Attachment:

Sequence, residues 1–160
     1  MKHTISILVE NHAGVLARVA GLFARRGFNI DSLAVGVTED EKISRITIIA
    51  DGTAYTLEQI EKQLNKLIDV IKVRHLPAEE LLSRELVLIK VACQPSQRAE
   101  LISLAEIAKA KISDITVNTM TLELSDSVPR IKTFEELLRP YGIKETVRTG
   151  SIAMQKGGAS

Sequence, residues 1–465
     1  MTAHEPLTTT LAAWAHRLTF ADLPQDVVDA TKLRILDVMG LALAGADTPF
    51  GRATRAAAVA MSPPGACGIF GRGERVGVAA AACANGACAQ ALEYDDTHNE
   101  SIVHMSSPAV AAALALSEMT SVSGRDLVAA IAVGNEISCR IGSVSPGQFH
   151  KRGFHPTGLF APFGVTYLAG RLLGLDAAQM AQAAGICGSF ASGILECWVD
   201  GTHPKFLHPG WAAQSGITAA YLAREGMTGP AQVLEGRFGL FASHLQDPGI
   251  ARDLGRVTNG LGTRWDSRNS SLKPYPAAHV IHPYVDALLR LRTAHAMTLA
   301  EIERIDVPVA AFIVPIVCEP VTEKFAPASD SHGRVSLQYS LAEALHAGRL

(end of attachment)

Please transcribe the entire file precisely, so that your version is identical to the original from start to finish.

Sequence, residues 1–160
     1  MKHTISILVE NHAGVLARVA GLFARRGFNI DSLAVGVTED EKISRITIIA
    51  DGTAYTLEQI EKQLNKLIDV IKVRHLPAEE LLSRELVLIK VACQPSQRAE
   101  LISLAEIAKA KISDITVNTM TLELSDSVPR IKTFEELLRP YGIKETVRTG
   151  SIAMQKGGAS

Sequence, residues 1–465
     1  MTAHEPLTTT LAAWAHRLTF ADLPQDVVDA TKLRILDVMG LALAGADTPF
    51  GRATRAAAVA MSPPGACGIF GRGERVGVAA AACANGACAQ ALEYDDTHNE
   101  SIVHMSSPAV AAALALSEMT SVSGRDLVAA IAVGNEISCR IGSVSPGQFH
   151  KRGFHPTGLF APFGVTYLAG RLLGLDAAQM AQAAGICGSF ASGILECWVD
   201  GTHPKFLHPG WAAQSGITAA YLAREGMTGP AQVLEGRFGL FASHLQDPGI
   251  ARDLGRVTNG LGTRWDSRNS SLKPYPAAHV IHPYVDALLR LRTAHAMTLA
   301  EIERIDVPVA AFIVPIVCEP VTEKFAPASD SHGRVSLQYS LAEALHAGRL